SilatBrief History and Background of Silat

Silat encompasses the martial arts of the Malaysian Archipelago, Indonesia and surrounding Southeast Asian areas and has various names depending on the region it is practised in.

Formed from headhunting skills by native inhabitants with influences from Indian, Chinese and later from Japanese martial arts, Silat has a very mixed history and in it’s earliest form can be dated back to well over a 1000 years ago.

It relies heavily on weapons and animal style fighting techniques and was a form of defence for the Malays for many centuries. The art was also showcased with dances and demonstrations and was known as the peoples game. This peoples traditional culture meant that Silat could be practised without it being obvious that they were practising a fighting skill. These festive occasions make use of music (tanji silat baku or gendang baku/pencha) to help develop aSilat nice flowing and often spectacular show of skill. It is now a recognised sport in the Southeast Asian Games.

There are several organisations such as Persekutuan Silat Kebangsaan Malaysia (PESAKA) from Malaysia, Ikatan Pencak Silat Indonesia (IPSI) from Indonesia, Persekutuan Silat Brunei Darussalam (PERSIB) from Brunei and Persekutuan Silat Singapura (PERSISI) from Singapore.

SilatSilat Training

Training normally starts and ends with a salut and bow, such as a Namaste or Chinese hand over fist salut to those around as a sign of respect and humility.

At the beginning, footwork is worked on to create a firm and stable foundation and to practise fighting stances.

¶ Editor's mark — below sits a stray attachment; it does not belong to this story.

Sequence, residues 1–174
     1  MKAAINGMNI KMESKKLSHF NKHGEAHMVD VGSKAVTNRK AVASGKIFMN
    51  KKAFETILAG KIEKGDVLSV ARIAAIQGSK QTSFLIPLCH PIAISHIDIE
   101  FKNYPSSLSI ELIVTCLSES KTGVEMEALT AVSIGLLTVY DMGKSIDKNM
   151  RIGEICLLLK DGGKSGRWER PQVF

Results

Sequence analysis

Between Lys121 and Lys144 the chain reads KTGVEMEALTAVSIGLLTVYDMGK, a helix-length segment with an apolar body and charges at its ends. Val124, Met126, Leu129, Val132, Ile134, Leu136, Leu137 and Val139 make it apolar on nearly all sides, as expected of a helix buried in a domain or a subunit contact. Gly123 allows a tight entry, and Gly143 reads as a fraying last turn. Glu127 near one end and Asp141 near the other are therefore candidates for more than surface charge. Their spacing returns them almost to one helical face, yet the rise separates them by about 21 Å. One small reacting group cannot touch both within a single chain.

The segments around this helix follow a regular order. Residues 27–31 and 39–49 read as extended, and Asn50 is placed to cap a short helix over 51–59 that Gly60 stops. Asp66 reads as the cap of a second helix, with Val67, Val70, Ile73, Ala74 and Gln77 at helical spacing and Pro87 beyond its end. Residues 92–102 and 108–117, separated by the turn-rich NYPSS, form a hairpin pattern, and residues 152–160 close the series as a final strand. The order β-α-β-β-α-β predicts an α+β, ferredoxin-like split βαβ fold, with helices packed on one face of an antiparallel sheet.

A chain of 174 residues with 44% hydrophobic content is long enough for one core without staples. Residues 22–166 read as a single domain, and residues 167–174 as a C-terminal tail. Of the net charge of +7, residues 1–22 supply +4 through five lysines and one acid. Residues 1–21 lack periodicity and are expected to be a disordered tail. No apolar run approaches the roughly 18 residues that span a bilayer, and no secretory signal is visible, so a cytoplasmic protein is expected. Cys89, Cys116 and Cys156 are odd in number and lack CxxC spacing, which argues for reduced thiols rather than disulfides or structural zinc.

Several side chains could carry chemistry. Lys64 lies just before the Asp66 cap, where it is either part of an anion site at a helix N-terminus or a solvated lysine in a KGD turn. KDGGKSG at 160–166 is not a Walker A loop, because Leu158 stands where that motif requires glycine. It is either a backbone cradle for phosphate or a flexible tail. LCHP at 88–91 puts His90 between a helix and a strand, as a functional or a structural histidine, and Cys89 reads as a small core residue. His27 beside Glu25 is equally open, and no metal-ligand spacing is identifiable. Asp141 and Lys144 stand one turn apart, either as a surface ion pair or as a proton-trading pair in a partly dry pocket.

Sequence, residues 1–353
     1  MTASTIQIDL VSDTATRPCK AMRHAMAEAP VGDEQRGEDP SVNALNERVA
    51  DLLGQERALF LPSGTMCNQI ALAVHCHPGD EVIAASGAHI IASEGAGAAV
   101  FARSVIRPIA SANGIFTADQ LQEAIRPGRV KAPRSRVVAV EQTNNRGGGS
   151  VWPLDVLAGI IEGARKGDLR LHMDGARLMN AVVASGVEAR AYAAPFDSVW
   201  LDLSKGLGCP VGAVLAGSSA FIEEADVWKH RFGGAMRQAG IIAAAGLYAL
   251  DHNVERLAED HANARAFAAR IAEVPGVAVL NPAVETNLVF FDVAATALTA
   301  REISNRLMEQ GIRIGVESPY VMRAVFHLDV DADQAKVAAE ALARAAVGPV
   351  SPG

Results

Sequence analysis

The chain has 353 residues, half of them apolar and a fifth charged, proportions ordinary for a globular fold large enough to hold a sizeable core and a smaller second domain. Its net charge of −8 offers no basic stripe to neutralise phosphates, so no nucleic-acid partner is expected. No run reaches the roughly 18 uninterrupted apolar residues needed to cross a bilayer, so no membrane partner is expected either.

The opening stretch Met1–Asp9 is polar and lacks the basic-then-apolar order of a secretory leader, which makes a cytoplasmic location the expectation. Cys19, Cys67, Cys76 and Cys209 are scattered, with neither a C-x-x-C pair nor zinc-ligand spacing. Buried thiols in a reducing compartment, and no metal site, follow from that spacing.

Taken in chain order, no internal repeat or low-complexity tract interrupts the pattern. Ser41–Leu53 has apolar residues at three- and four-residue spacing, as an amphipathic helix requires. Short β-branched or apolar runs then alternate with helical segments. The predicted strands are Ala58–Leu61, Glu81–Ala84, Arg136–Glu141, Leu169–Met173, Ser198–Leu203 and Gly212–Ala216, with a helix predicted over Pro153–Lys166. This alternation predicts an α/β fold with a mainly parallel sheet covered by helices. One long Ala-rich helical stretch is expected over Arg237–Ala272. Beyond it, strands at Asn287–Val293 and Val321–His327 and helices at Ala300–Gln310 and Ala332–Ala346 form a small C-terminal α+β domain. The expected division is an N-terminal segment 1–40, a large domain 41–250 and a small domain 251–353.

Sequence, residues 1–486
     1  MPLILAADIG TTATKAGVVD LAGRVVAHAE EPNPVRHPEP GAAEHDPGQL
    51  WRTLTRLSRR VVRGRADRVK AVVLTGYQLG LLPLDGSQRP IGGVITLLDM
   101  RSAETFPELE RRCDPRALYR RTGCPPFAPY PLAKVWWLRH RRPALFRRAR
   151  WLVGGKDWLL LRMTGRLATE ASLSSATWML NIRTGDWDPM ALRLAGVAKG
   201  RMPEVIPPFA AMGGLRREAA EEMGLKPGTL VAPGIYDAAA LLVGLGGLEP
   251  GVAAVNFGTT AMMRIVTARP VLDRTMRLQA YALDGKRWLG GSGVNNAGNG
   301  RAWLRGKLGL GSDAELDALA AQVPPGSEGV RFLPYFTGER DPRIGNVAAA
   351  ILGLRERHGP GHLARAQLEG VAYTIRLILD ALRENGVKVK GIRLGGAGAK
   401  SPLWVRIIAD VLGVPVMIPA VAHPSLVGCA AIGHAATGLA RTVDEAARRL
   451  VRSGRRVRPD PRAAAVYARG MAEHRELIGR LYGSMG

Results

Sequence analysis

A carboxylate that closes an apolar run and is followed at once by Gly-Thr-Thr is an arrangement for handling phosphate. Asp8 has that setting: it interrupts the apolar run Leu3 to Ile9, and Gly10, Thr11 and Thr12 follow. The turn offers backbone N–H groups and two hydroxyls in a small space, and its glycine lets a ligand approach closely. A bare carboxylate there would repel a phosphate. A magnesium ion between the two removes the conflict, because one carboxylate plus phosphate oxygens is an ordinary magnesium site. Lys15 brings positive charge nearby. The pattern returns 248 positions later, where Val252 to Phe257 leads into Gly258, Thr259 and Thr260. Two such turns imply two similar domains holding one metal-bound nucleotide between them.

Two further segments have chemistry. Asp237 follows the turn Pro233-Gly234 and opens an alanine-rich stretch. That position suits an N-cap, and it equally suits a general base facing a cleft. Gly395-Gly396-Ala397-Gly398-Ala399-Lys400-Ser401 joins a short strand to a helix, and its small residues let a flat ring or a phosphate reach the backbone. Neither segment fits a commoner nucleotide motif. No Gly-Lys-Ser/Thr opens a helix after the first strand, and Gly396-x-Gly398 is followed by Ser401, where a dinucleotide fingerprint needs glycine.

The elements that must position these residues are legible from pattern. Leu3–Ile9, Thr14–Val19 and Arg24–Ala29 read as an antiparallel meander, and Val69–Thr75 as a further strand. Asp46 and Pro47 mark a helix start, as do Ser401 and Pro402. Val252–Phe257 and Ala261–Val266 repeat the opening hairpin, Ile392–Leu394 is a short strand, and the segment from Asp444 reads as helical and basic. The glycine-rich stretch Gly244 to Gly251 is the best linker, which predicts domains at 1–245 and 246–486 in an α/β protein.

Like many other martial arts, there are set forms/katas, which are designed to teach the techniques and combat applications in an organised manner.

The next stage is to be taught empty hand attacking moves followed by defensive moves. Basic movements would be practised first as a base, with the moves being performed in a beautiful, aesthetic fashion.

Once a student has master the empty hand techniques, then weapons training features a lot and again it is taught in a continuous flowing motion. The practise of these weapons are considered an important and integral part of Silat.

As well as being taught to fight in a flowing motion, the tuning of the bodies energy is also concentrated on, to help the fighter channel their energy through the various offensive and defensive movements.

Silat Equipment/Gear Used

Equipment and clothing can vary from school to school or region to region.

Lower Garment – Sarong (Samping/Sampin, Chindai)
Trousers and shirt (Baju Melayu)
Hat (Songkok)

Various protective equipment can sometimes be used.

Weapons used in Silat

Machete (Parang)
Swords (Pedang, Sundang, Jian, Katana)
Sticks/Canes/Poles (Tongkat, Batang, Toyak, Tembong)
Flute (Seruling)
Rope (Tali)
Billhook (Chakok)
Sickle (Sabit)
Chain (Rantai)
Various Knives/Daggers (Badik, Rencong, Kris)
Curved Blade (Kujang)
Battle-axe (Chipan, Jipan, Kapak Kecil)
Claw (Kerambit)
Mace (Gada, Gedak)
Blowpipe (Sumpitan)
Whip (Ekor Pari)
Spears/Lances (Geranggang, Seligi, Tombak, Lembing)
Trident/Sai (Trisula, Tjabang Tekpi)
Fan (Kipas)
Shield (Perisai, Jebang)
Bow (Gandewa, Busur)

Celebrity Silat Practitioners

Kathy Long
Barry Prima
Iko Uwais
Wesley Snipes
Steven Seagal
Ross Kemp

Movies/TV Series featuring Silat

Matinya Seorang Patriot
Walet Merah
Pengejar Angin
The Raid: Redemption
The Raid 2: Berandal
Keris Hitam Bersepuh Emas  
Pendekar Kundur